Who's the Cavalier?

Who's This? An old-school musketeer.

The facts: Created by Don Cameron and Bob Kane, the Cavalier first appeared in Detective Comics #81 (November 1943) and made a few return engagements in the Golden Age (basically, until Batman finally captured him). He was a frustrated collector of nice things, who took up theft using musketeer-inspired modus operandi and codes of conduct. 30 years later, he appears in the Bronze Age with a few tweaks, but tangling with Wonder Woman, then Batgirl and Batwoman, in the later case as a partner to Killer Moth. Maybe DC felt his foppish/romantic look was a better fit for female heroes? I don't know, they just made him a chauvinist in those stories. Post-Crisis, they redesigned him for Legends of the Dark Knight's "Blades" (but it's not Mortimer Drake), and the real deal is eventually seen here and there, notably imprisoned at Arkham Asylum. In the mid-2000s, they reveal he and Captain Stingaree - another obscure swashbuckling Bat-villain - are in a relationship.
How you could have heard of him: Rebirth shows the Cavalier wearing the LotDK look, but no word as to whether he's Drake or the other guy. In any case, the character is killed on a Suicide Squad mission. Since he's a little silly, he of course appeared in several episodes of Batman: The Brave and the Bold (also, in DC Super Hero Girls).
Example story: Batman #22 (April-May 1944) "The Cavalier Rides Again" by Bill Finger, Jack Burnley and Charles Paris
Flamboyant? Sure. Loves the finer things? Definitely. But is he really foppish? Not sure. Consider that there's a European Batman who looks like this, more or less. In this, his first return engagement, the Cavalier lures Batman and Robin into the open on purpose to have them fall into the simplest of traps.
They acrobatically get out of being wrapped in a bolt of cloth (which you know would have been soft on the skin) and Batman snatches the refined criminal's electric sword away from him. Except...
This is a villain who learns from past encounters and plays chess with his opponent. He hits the two crime fighters upside the head with antiques and stuffs them into an old armoire and a chest. Even leaves them a note in case they get free. What a gentleman! With the night's excitement over, Mortimer Drake dresses to the nines and heads out for his club's annual dinner.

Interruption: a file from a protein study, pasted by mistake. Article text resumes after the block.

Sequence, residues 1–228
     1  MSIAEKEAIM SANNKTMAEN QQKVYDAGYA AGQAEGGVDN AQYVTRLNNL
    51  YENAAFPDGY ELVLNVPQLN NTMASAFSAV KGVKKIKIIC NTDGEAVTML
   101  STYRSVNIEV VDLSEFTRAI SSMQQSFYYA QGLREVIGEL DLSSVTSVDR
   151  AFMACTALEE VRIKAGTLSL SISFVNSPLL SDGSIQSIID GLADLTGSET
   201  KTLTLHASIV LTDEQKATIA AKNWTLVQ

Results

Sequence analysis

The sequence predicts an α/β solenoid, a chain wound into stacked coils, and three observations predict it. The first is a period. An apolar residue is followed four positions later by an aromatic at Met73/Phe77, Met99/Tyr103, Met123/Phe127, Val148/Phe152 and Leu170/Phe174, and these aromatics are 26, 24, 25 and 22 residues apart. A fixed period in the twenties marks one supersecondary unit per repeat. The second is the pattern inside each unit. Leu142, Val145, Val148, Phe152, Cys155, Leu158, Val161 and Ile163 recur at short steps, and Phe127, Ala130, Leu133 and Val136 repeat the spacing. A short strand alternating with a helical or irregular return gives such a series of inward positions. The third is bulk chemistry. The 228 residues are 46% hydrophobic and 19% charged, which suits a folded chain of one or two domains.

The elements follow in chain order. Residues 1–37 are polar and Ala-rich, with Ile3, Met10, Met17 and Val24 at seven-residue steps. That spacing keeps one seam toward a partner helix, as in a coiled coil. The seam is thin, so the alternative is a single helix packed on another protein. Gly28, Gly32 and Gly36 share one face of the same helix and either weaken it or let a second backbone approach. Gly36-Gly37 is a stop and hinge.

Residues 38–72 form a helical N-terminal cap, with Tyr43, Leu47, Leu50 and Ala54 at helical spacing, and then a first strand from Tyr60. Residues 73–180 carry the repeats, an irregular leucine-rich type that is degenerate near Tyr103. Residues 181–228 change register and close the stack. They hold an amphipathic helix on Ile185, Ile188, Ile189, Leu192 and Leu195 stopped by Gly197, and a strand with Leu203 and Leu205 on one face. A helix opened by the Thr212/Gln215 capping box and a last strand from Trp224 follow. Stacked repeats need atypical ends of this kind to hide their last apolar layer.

Of course, the Dynamic Duo does escape and the note is an elaborate clue to the Cavalier's next crime. They don't solve it right away because Bruce Wayne ALSO has that dinner to go to. A "quirk of fate" seats the two men together, unawares!
These men of action probably shouldn't bother with these events. The following night, the Cavalier and his henchman climb into the diamonds cutters and in leisurely fashion, start selecting only the best cuts for the loot.
It took the better part of a day, but Batman figured out the "Dutch" clue seeing as Holland is the diamond center of the world, etc., etc., and while Robin almost gets drilled in the beck by the Cavalier's goon (why is HE the more dangerous crook?), the Dark Knight goes head to head with... Batroc?!
"Parbleu"? If the idea is that the Cavalier feigns a French accent to hide his identity, I like it! But though Batman prevails in the savate department, Drake blows his snuff box and the heroes and leaves them in sneezing fits. They soon corner him on the roof, where his "varlets" are waiting to get in on the action. The Duo cleans up, but the Cavalier uses the distraction to get away, but not with his treasure. It's enough to "break the spirit of a strong man".
In the next couple panels, Batman is asking the same kind of question. Those collector cases are terribly empty, but Mortimer Drake survives to try and try again.

I quite like the idea of a Batman rogue whose gimmick is collecting bougie stuff. There's the same variety as committing, say, crimes based on jokes, cats or birds, but it actually makes sense that a top-one-percenter would get his kicks assembling an illegal collection of the beautiful, rare or sophisticated items. It's too bad the Cavalier fell out of fashion. This story makes him out to be a criminal version of Bruce Wayne, and just as smart if not quit as capable. Well, it IS Batman's book after all.

Who's Next? A traveler inside earth.